Film “Secrets of the Dead": Episode "Cannibals of the Canyon”



Critical Review Essay Introduction

The following paper presents a critical review of the film “Secrets of the Dead – Cannibals of the Canyon”. It is positioned in the scope of innovative science, namely, bioarchaeology. The film deals with the investigation and analysis of the issue of cannibalism among the alleged peaceful and adequate Anasazi Indians tribes. Cannibalism is a strongly rejected and opposed issue even in the present time. Therefore, the investigator collects much evidence based on numerous explorations to resist the overall bioarcheological community’s pressure. The course of investigation focuses on the search for evidence and its interpretation that relies on the bioarcheological analysis of human remnants. The investigation is based on both theoretical and empirical research, namely, the knowledge basis provided by the preliminary study of the field of concern, as well as on the analysis of human remains and other artifacts, which are related to the phenomenon of cannibalism.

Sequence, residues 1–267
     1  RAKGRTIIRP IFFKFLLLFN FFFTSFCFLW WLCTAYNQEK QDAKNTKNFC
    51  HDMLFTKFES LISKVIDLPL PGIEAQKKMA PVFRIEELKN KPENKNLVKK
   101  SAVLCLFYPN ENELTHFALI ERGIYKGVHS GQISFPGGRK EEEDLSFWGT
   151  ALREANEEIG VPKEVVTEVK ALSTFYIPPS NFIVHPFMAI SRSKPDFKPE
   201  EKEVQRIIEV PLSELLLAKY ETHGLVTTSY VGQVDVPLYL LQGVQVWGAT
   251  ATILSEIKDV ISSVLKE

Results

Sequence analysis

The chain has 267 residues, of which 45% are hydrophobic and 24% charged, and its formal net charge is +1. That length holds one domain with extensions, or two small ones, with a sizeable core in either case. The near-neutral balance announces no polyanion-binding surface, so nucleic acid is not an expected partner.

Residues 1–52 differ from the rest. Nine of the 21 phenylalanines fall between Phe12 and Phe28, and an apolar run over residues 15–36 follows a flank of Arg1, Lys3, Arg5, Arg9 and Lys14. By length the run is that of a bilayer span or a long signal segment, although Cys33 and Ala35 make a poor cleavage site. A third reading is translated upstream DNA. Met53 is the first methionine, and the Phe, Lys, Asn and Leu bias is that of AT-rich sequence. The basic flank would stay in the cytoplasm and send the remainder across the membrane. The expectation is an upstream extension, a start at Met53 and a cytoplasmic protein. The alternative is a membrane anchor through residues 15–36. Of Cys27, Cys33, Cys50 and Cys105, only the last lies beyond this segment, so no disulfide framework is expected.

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Archaeological Theme

The key archaeological theme of the film under review is connected with the potential cannibal traditions of the Anasazi Indians. According to Sutton, the phenomenon of cannibalism means eating other people’s flesh. This ancient practice has two kinds, endocannibalism, and exocannibalism. Endocannibalism is explained by Sutton as “eating people from within one social group” (191). The author underlines that such practice was primarily prohibited among ancient tribes, whereas the experience of exocannibalism that is “eating people from other social units, such as strangers and enemies” was more commonly practiced and even expected from tribe members under particular circumstances (Sutton, 191).